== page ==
This week, we’re counting down the top 15 real estate stories of 2014. Below are stories 6-10. Click here to see the top five, here to see stories 11-15, and here to see our list of six things to watch in 2015.
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6. Big Lease Deals Downtown.
Downtown Dallas often gets blamed for pulling down the region’s real estate stats, with higher vacancies and lower lease rates than some of its submarket counterparts. But not this year. Landlords in downtown buildings scored big renewals and brought in even larger new deals, boosting absorption in the third quarter alone by nearly 750,000 square feet. Santander Consumer USA took occupancy of 372,000 square feet at Thanksgiving Tower, and two San Diego companies, Omnitracs and Active Network—both owned by Austin-based Vista Equity Partners—relocated their HQs from San Diego to Dallas. Omnitracs, a fleet management services company, leased about 100,000 square feet in KPMG Centre. Active Network took another 125,000 square feet in the same building. CEO Darko Dejanovic says the company wanted to consolidate several U.S. offices into one large headquarters to create operational efficiency. “We were looking for a location with a business-friendly climate, a strong pool of talent, and a city that offered a great quality of life for our employees,” he says. “Based on our search, Dallas proved to be our top choice, and it has exceeded our expectations.” Active Network, which plans to employ about 1,000 in Dallas, specifically targeted downtown, Dejanovic says. “Being in the city fits best with us and the talent we want to attract.”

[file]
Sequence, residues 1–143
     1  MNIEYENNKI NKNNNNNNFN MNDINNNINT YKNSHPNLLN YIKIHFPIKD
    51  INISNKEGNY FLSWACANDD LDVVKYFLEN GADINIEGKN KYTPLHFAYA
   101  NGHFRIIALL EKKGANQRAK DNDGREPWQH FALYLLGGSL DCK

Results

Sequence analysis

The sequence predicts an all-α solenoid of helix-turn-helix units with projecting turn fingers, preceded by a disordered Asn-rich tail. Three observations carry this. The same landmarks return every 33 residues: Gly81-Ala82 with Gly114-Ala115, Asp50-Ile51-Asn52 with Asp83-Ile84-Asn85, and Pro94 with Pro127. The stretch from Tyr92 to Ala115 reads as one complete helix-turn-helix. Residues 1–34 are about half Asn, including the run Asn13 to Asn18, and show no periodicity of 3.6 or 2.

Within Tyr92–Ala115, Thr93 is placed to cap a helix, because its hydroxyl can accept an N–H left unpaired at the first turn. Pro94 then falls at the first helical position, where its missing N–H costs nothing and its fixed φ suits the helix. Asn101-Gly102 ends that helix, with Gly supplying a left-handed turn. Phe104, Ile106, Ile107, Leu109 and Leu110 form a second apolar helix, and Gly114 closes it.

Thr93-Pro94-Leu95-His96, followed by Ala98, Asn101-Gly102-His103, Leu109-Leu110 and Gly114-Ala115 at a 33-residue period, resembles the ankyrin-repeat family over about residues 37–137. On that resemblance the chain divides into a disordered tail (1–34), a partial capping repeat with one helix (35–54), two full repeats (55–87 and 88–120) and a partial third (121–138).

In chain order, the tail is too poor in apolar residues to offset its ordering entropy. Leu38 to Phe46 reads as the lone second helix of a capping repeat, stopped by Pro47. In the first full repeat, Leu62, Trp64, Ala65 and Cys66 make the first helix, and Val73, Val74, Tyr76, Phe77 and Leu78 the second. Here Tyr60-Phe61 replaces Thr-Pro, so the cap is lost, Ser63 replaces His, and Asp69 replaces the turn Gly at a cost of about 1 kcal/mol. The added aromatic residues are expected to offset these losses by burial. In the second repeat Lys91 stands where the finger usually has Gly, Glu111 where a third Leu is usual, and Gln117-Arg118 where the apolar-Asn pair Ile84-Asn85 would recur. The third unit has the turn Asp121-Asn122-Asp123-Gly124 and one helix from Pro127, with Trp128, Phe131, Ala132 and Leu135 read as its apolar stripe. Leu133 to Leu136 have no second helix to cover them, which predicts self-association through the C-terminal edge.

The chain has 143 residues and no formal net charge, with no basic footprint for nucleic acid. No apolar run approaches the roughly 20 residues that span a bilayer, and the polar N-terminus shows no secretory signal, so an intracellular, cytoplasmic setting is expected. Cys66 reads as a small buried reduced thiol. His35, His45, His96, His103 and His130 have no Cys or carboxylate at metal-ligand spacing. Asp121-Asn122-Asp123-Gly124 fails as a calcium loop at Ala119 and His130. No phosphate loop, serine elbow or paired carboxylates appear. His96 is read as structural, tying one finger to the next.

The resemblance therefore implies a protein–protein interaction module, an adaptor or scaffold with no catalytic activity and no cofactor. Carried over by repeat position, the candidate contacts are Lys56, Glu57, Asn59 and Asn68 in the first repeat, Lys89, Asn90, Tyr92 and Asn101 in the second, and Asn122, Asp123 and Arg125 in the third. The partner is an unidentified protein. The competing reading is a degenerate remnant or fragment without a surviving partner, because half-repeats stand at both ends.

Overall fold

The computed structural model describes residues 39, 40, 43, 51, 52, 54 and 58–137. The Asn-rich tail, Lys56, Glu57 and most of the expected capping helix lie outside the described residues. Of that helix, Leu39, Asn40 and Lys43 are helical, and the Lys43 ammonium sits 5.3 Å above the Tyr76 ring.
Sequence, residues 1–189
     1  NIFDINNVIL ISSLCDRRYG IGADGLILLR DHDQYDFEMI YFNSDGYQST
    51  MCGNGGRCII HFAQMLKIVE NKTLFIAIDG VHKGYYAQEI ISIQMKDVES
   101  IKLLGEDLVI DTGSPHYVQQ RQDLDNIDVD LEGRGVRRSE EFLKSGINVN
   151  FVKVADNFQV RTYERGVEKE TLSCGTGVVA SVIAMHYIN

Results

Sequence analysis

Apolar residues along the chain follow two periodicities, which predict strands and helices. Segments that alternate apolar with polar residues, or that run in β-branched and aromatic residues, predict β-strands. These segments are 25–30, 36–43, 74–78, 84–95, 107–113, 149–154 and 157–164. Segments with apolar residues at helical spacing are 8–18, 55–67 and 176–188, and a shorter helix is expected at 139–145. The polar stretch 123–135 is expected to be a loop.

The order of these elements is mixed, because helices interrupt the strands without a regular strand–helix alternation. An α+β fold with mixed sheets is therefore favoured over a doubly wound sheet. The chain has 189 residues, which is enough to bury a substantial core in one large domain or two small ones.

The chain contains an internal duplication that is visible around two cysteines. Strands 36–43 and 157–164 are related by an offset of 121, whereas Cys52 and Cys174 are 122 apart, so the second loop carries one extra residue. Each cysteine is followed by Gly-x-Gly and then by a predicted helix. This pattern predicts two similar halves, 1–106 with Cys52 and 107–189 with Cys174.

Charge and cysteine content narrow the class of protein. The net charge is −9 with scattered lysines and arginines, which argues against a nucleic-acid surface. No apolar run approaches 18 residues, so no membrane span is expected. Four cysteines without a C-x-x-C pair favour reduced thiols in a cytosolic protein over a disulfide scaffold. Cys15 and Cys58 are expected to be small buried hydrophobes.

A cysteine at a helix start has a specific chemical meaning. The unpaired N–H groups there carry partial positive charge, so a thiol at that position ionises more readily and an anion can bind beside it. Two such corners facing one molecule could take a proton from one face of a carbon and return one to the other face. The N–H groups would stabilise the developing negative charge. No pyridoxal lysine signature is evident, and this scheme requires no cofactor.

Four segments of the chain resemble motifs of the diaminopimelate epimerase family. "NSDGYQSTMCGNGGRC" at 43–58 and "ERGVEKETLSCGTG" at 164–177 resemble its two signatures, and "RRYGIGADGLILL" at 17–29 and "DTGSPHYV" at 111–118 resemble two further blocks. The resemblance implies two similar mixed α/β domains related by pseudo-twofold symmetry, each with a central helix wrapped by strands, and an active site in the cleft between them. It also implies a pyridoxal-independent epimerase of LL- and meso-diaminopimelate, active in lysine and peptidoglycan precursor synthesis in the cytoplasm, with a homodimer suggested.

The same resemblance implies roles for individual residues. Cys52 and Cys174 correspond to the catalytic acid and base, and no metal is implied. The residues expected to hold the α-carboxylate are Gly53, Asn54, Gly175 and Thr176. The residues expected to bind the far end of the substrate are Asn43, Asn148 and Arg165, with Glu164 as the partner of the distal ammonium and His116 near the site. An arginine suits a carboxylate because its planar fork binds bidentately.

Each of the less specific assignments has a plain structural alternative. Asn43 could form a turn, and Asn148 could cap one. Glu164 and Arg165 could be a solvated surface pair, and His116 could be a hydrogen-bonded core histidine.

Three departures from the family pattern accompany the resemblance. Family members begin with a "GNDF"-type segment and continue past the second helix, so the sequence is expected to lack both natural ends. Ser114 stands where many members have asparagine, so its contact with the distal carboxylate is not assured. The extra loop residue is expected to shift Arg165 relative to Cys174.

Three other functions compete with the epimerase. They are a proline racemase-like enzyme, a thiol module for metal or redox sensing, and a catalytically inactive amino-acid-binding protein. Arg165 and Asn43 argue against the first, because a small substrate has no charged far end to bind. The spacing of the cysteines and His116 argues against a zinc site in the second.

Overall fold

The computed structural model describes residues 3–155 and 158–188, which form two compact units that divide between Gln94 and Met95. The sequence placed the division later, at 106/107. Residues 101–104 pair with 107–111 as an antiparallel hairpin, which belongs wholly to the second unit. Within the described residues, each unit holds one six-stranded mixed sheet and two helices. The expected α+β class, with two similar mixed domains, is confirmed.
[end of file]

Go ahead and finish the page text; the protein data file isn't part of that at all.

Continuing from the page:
7. Industrial Developers Flock to Southern Dallas.